NEWS
HEADLINES [click on headline to view story]:

Dragon dancers welcome the Chinese New Year

Chiang Mai celebrates the Year of the Rabbit

Flower Festival kicks off Saturday

Meet the Consuls

Suspect in 5 year old murder case found guilty

Mae Moh villagers close the highway in Lampang

Pai police seize assets of drug traffickers

Elephant free streets

Meet the Consuls

In Memoriam

 

Dragon dancers welcome the Chinese New Year

The Fire Dragon is a benevolent creature, bringing rains, good luck and prosperity
and the dance is performed during the New Year to scare off evil spirits.

By Shana Kongmun

The 40 meter long red and gold fire dragon dancing down Tha Pae Road on the morning of February 4, 2011 saw throngs of tourists, visitors and residents line the road to watch. With the clanging of drums and cymbals to scare away the evil spirits the dragon was followed by lion dancers, the Consul General of the People’s Republic of China, Zhu Wei Min, Mayor Tussanai Buranupakorn, City Administrator Dr. Ken Santitham, members of the local Thai Chinese community and school children.

The festival continued on at Lao Jow Soi off Kuangmain Road and Witchayanond Road at Waroros Market with an acrobatic troupe from China, dances, food and, of course, firecrackers set off to frighten away the bad luck for the coming year. The Chinese New Year festivities continue through Saturday.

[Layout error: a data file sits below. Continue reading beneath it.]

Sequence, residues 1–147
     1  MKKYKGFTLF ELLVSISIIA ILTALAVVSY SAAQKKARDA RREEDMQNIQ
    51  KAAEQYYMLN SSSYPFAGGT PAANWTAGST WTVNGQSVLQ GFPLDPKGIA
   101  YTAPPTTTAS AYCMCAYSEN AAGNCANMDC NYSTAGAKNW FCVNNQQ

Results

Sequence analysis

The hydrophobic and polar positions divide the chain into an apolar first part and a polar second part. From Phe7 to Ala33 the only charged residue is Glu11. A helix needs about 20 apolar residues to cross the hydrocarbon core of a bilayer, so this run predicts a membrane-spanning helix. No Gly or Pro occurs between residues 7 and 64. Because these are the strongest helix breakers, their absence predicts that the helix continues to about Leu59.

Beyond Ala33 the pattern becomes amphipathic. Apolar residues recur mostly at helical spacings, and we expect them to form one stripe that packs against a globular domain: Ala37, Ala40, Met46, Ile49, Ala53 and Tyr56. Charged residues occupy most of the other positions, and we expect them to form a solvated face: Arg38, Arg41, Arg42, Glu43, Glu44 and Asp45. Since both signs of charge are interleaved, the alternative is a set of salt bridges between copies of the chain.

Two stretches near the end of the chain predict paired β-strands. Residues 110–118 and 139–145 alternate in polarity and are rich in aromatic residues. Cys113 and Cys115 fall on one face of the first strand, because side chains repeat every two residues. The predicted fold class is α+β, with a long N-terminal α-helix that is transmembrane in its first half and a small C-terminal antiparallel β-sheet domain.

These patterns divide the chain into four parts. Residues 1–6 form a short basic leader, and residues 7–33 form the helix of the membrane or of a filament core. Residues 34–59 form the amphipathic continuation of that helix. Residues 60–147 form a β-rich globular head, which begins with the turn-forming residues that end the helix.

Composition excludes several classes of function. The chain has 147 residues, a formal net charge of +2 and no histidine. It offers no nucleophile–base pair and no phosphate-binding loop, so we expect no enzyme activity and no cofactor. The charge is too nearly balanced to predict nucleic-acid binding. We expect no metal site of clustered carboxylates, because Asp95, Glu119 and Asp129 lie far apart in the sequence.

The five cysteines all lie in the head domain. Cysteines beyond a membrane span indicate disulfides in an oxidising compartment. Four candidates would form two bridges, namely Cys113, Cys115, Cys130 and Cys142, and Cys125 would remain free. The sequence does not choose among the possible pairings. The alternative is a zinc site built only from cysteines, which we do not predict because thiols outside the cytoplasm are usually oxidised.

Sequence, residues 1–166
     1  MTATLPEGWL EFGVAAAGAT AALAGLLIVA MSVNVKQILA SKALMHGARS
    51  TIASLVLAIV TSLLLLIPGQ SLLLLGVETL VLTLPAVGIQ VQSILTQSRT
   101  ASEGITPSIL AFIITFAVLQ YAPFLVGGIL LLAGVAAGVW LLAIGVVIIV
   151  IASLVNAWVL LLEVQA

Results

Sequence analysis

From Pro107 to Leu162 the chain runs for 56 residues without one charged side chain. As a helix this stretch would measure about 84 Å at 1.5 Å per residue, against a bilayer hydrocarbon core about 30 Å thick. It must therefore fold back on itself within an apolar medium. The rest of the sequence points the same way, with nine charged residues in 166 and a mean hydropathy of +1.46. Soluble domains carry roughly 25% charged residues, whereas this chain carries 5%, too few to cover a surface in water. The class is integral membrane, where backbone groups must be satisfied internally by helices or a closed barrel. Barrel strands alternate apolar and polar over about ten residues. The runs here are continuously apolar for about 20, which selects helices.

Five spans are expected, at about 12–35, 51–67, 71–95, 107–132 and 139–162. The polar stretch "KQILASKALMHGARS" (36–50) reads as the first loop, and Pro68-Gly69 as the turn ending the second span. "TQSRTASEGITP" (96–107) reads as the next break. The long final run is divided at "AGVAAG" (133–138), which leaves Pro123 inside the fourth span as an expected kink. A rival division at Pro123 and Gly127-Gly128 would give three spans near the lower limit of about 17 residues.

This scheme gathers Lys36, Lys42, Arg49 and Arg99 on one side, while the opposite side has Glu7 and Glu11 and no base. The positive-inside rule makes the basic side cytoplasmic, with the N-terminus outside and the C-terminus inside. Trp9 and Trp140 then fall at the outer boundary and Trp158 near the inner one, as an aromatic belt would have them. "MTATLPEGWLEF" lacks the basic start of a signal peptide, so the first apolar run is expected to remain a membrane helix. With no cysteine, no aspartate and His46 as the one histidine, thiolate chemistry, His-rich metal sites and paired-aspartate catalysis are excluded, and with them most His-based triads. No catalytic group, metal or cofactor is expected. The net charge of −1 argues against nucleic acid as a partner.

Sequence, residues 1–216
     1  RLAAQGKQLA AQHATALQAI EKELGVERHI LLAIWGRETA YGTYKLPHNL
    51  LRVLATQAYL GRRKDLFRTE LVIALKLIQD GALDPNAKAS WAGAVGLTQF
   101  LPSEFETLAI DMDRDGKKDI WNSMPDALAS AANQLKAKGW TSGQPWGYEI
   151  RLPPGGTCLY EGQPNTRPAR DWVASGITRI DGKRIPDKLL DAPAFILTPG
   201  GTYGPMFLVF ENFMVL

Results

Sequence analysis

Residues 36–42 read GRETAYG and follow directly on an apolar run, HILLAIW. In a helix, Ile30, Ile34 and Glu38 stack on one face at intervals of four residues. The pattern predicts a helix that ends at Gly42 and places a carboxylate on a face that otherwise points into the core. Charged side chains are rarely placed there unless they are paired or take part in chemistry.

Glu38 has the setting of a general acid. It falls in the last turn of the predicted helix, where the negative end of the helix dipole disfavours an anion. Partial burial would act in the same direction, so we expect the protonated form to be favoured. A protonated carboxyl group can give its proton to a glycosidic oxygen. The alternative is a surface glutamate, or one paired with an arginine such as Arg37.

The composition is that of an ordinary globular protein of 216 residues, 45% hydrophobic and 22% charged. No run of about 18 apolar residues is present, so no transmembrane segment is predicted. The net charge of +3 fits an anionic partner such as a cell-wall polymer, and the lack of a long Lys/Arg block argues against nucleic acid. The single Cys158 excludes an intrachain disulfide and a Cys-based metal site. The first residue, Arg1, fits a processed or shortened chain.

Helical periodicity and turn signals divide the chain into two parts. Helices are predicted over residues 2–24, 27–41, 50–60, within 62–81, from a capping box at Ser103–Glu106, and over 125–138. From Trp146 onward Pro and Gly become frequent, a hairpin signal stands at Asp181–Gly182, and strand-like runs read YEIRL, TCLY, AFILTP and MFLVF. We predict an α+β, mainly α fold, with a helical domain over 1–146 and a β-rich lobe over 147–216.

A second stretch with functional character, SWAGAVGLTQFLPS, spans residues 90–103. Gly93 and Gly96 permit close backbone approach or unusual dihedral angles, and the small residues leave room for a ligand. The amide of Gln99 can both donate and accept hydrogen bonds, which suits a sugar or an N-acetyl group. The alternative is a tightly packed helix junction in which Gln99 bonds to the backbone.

Chinese Consul General Zhu Wei Min, Mayor Tussanai Buranupakorn, Dr. Ken Santitham and members of the local Chinese community gather before the start of the parade.

Even the smallest members of the community got into the spirit and joined the New Year’s festivities.

Lion dancers are another important part of the Chinese New Year celebrations,
usually visiting area businesses to bring good luck and fortune.

 

Chiang Mai celebrates the Year of the Rabbit

A Fire dragon is one of the highlights of the Chiang Mai
Chinatown Chinese New Year celebration.

Chiang Mai rings in the year of the Rabbit with the 9th annual celebration of Chinese New Year will this Friday and Saturday at Lao Jow Soi off Kuangmain Road and Witchayanond Road in Waroros Market from 9 a.m. to midnight.This year festival goers will be treated to an acrobatic troupe from Guangxi, China and a fire dragon more than 40 meters long. Chinese food and sweets will be on sale as well

Chiang Mai Mayor Tussanai Buranupakorn said the municipality, along with Chinese club, foundations, and organizations in Chiang Mai were hosting the festival aimed at promoting the culture and traditions of the Thai Chinese.

The day’s activities will include a grand parade of those Chinese organizations and representatives, Cultural performance, Chinese music, martial arts performances and Miss Chiang Mai Chinatown 2011.For more information, please contact Chiang Mai Municipality Public Relation Office Tel 053-259-097, 253-109.


Flower Festival kicks off Saturday